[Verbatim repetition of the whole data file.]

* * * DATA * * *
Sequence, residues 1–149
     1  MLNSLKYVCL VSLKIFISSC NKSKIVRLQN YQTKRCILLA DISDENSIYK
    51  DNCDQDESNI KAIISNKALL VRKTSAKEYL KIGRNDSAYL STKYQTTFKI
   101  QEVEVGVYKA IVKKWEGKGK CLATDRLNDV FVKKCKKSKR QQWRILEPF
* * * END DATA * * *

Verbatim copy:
Sequence, residues 1–149
     1  MLNSLKYVCL VSLKIFISSC NKSKIVRLQN YQTKRCILLA DISDENSIYK
    51  DNCDQDESNI KAIISNKALL VRKTSAKEYL KIGRNDSAYL STKYQTTFKI
   101  QEVEVGVYKA IVKKWEGKGK CLATDRLNDV FVKKCKKSKR QQWRILEPF